Hayes: In the ACT community we were not careful always—at least I wasn’t—to add this little piece of the importance of what’s inside those [painful] experiences. If you want to find where the warmth is, it’s probably right inside where the pain is.
I predict that acceptance, without a quality of self-compassion, is just not going to make much of a difference. It’s not going to make much difference if it doesn’t have that warmth that connects you with the heart of the matter, the soul of the matter, and what’s important inside it.
Neff: The main measurement issue with self-compassion is also a conceptual issue: should a measurement of self-compassion—which includes these three components of kindness, common humanity, and mindfulness—also include the lack of their opposite—self-judgment, isolation, and over-identification? Paul Gilbert, for instance, argues that these are different physiological systems; one is more sympathetic nervous system responding, and one is more parasympathetic nervous system. So you shouldn’t use the total scale score. The data seem to be showing that separating them into two factors is not as good as looking at all six separately.
If someone comes into your office, and they don’t talk about how kind or connected they feel, but they talk about judgment, and you can tell they’re feeling isolated and alone, and that they’re fused and over-identified, do you have information about how self-compassionate they’re being? I would say absolutely, yes, and in order to assess self-compassion, we need to look at both ends of the spectrum. I don’t think there’s any problem having factors representing different physiological systems in a single scale, but not everyone agrees.
Neff: Mindfulness people, mindfulness-based cognitive therapy people, for instance, write that self-compassion is implicit in mindfulness, but as therapists we shouldn’t talk about it explicitly because sometimes you get this phenomena which Chris [Germer] has called backdraft. It’s related to opposites. You give yourself unconditional love, and immediately what comes to mind is all the conditions in which you are unloved.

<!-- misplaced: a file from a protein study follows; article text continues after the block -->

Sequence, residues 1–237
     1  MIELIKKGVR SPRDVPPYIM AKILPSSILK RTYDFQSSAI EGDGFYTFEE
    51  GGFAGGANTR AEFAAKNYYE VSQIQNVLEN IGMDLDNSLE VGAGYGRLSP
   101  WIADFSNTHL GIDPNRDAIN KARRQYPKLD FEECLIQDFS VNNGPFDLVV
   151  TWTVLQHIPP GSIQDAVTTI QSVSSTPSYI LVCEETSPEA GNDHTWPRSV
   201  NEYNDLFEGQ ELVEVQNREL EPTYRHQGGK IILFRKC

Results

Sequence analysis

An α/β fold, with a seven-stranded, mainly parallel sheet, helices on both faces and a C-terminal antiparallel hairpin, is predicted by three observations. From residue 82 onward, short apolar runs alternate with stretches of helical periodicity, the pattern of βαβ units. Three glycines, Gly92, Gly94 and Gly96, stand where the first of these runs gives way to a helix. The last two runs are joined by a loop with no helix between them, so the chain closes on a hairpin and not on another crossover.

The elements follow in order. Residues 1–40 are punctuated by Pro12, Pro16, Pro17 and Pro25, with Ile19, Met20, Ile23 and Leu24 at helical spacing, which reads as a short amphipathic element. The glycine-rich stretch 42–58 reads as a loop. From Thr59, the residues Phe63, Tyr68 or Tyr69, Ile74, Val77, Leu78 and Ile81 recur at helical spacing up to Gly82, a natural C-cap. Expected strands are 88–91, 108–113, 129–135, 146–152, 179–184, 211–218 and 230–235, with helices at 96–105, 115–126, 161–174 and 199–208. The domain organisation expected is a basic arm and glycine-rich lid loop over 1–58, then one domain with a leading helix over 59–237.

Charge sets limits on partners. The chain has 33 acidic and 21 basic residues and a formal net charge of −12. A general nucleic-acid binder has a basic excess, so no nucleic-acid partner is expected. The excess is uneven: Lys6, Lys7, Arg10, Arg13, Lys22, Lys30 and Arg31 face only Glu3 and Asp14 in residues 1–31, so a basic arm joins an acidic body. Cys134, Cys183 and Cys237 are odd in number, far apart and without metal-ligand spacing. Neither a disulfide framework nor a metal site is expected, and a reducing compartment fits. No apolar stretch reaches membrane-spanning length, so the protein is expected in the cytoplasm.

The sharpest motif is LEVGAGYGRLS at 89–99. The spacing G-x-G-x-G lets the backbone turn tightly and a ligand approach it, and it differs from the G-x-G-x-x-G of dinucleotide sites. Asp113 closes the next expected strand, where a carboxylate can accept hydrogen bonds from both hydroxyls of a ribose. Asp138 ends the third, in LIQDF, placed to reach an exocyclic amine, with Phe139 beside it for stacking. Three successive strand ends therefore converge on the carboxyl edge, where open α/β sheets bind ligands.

The practice of self-compassion is about giving yourself what you need. We give people the information that this [backdraft] may happen, along with a few simple tools for how to deal with it, and we haven’t had anyone lose it or had it be a real problem yet. So, maybe that’s where ACT could really help, by helping make it explicit: helping people understand what’s going on in their mind.
People can take care of themselves when you give them the tools to do so. I don’t think we have to be afraid of it. It’s almost like there’s a fear of the warmth, a fear of the love, because people get freaked out by it, you know? But it’s also people’s most deeply held value.
Hayes: As people open up, they open up new territory. As they connect with their values, step forward, and make bold moves, they open up new territory. The medical model says you have a disease that will be cured, and then you’ll go back to normal. The germ will be killed and everything will be alright. But human lives are these up-and-down trajectories. We warn people that this may seem like it’s getting worse before it gets better. People need to be prepared to go in and walk through their own history, using methods that are not linear, but cycles of transformation.
If you missed part one, you can find it here.